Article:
Many federal judges were in attendance, as were upwards of 250 invited guests, including Senator Charles Schumer, Representatives Kathy Hochul and Brian Higgins, Mayor Byron Brown and Erie County Sheriff Timothy Howard. 

Among the speakers was Judge Richard Arcara who, along with Chief U.S. District Judge William Skretny, was a driving force to see the project through from beginning to end.

WBFO News file photo

The President of Erie Canal Harbor Development Corporation addressed a lunch hour crowd at the Central Library Wednesday. 

Thomas Dee capsulized where downtown waterfront development stands and where the multi-million dollar project is headed. 

"Buffalo's greatest resource is water," said Dee. 

Congressman Brian Higgins was pivotal in making the wake-up call.  More than three years later, you can see the results when you drive the lakeshore complex or visit what's come to be known as Canalside.   

WBFO News file photo

Famed tightrope walker Nik Wallenda appeared in Niagara Falls, New York Monday morning to announce the official date of his walk across the Falls.

Wallenda said he will conduct his highly anticipated walk on June 15th.  Wallenda appeared with state and local Niagara Parks Commission to announce his highwire act that will take place across the Niagara Gorge. Wallenda received both U.S. and Canadian approval for the event. 

Wallenda will make the approximate 1,800 foot crossing above the world-renowed Horeshoe Falls.

Mike Desmond/WBFO

Area law enforcers say they don't know much about why the New York Police Department had officers from its intelligence unit prowling locally and on the University at Buffalo campus.

The revelation created paranoia among Muslims at UB and questions among police officers here about what they were looking for and where they went.  A group of local officers appeared Tuesday night at a public meeting sponsored by the Muslim Public Affairs Council of Western New York at the university to talk about civil rights issues.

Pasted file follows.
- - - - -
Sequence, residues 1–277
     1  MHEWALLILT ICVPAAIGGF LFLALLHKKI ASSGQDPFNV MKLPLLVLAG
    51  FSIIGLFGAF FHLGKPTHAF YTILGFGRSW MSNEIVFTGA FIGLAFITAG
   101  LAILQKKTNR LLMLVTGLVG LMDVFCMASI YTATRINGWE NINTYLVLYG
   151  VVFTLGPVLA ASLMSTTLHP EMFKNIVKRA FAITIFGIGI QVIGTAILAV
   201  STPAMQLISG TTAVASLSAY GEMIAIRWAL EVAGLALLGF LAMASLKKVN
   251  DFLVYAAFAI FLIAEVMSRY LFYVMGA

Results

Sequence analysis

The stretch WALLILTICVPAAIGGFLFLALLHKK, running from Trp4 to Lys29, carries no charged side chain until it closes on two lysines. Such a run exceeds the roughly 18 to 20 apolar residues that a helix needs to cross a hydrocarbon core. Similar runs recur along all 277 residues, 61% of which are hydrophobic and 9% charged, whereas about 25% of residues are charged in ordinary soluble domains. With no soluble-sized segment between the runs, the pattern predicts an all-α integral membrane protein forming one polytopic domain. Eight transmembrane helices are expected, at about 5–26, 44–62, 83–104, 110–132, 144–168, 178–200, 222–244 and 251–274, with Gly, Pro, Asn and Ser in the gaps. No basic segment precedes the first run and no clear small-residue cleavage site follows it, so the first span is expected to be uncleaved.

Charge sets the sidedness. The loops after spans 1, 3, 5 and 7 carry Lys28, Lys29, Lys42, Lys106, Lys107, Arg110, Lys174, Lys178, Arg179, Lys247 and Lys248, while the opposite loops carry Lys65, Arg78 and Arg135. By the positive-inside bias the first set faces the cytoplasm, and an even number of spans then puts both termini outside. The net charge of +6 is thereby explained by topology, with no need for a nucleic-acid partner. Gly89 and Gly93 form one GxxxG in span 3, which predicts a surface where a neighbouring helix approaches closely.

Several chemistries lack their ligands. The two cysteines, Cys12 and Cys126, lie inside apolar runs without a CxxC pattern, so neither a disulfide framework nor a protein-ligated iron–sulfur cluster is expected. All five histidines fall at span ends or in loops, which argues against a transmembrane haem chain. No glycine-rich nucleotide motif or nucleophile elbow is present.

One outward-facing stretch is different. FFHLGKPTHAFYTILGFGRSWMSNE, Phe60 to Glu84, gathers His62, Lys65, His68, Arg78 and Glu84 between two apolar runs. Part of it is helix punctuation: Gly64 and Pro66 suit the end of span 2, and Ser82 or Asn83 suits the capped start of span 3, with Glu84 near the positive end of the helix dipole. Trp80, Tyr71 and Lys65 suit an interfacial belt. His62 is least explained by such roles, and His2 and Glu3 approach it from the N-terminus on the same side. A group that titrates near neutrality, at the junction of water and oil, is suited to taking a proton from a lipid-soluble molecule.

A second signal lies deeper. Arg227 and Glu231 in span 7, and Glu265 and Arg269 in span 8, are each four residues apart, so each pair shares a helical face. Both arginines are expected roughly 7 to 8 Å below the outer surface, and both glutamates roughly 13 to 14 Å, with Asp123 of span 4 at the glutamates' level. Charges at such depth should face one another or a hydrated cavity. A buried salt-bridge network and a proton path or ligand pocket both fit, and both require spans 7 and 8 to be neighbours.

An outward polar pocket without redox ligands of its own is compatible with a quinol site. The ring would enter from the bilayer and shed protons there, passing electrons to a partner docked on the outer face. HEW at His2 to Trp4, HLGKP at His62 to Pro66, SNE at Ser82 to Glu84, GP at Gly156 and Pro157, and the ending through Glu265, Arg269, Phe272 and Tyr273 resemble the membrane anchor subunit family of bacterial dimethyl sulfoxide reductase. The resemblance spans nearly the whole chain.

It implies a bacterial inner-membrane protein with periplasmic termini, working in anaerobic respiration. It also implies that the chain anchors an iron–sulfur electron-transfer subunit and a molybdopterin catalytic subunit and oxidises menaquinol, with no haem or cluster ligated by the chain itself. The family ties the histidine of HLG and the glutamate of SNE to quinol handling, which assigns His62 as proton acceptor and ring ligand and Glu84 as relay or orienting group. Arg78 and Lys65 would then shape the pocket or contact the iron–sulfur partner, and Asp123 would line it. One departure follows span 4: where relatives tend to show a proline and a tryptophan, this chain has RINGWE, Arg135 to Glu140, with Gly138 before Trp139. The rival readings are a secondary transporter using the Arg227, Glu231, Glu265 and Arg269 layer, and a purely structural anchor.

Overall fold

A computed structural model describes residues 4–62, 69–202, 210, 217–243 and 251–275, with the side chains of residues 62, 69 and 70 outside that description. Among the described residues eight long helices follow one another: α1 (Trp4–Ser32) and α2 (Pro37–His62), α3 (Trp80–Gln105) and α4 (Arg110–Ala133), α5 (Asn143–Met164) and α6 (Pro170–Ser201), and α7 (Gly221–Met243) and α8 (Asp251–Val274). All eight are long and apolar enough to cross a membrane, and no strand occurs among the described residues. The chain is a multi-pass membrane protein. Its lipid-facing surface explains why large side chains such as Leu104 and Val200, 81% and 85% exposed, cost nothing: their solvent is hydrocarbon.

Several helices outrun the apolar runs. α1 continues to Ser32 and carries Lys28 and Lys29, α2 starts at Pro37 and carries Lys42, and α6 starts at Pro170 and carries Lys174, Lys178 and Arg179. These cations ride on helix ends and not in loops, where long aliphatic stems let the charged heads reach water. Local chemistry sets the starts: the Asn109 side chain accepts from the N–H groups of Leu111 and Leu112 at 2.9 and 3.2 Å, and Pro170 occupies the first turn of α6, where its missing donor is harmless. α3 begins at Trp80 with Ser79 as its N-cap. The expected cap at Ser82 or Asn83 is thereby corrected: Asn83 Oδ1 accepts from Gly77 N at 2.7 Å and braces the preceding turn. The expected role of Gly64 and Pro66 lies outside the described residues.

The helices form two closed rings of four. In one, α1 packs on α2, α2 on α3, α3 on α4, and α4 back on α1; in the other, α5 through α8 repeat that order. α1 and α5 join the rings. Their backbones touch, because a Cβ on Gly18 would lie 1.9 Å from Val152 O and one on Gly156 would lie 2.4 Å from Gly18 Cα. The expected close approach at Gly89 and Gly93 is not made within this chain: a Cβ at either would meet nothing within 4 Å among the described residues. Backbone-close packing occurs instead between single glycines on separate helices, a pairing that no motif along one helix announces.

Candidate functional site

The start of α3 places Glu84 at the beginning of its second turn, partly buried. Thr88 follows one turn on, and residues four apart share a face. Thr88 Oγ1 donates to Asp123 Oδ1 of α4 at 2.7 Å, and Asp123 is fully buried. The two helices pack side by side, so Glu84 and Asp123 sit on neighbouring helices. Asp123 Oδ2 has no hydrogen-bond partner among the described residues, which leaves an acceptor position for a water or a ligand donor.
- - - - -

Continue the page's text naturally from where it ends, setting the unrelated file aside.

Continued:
Daniel Robison / WBFO

SUNY has stepped up its self-promotional efforts.

In an attempt to paint the university system in a better light - and perhaps to justify its $10.8 billion budget in tight economic times - SUNY staged a regional “showcase” in Buffalo Tuesday. It was one of ten similar events thrown over the past year.

File photo

Buffalo Mayor Byron Brown says his $482.6 million budget, unveiled Tuesday afternoon, holds the line on residential taxes and cuts the taxes on commercial buildings. It also provides additional services and summer youth job hiring.

Brown says city residents will see better parks because of more age-appropriate facilities and cleaner sidewalks because City Hall will be buying special sweepers for neighborhood business districts.

Report: Cuomo to nominate Koelmel to lead NYPA

May 1, 2012
File photo

The president and chief executive officer of First Niagara Financial Group, John Koelmel, is being nominated to become the chairman of the New York Power Authority.

The Buffalo News is reporting that Governor Andrew Cuomo will submit Koelmel’s name to the board of trustees Tuesday.

In addition to the Niagara Power Project, NYPA oversees about 1,400 miles of electric distribution lines and is investigating solar and wind energy as alternative power sources.

Chris Caya/WBFO

Ghoulish-looking protestors staged a 'die-in' this morning in downtown Buffalo as part of May Day/International Worker's Day demonstrations across the country.

Die-ins, where participant simulate being dead, became a popular form of protest against the Iraq war. The silent protest with American flags and anti-war signs took place outside the Lafayette Square military recruiter station. 

Young boy dies from burn injuries

May 1, 2012

A young boy who suffered severe burns after kicking a can of paint thinner into a fire on the Tuscarora Indian Reservation has died. 

The 6-year-old boy, whose name has not been released, was being treated in a burn unit at Shriners Hospital for Children in Cincinnati, where he died Sunday from his injuries. 

The incident happened on April 10 at a home on Walmore Road in Niagara County.  The boy had gone into a neighbor's yard and kicked the accelerant into smoldering embers from a bonfire the previous night. . 

WBFO News file photo

It's back to the drawing board for the Common Council in filling the vacant South District seat.

The seat has been vacant since Mickey Kearns was elected to the State Assembly.

It's been a difficult seat to fill since one applicant turned out not to live in the district and another had done time in prison and no one could come up with the necessary five votes.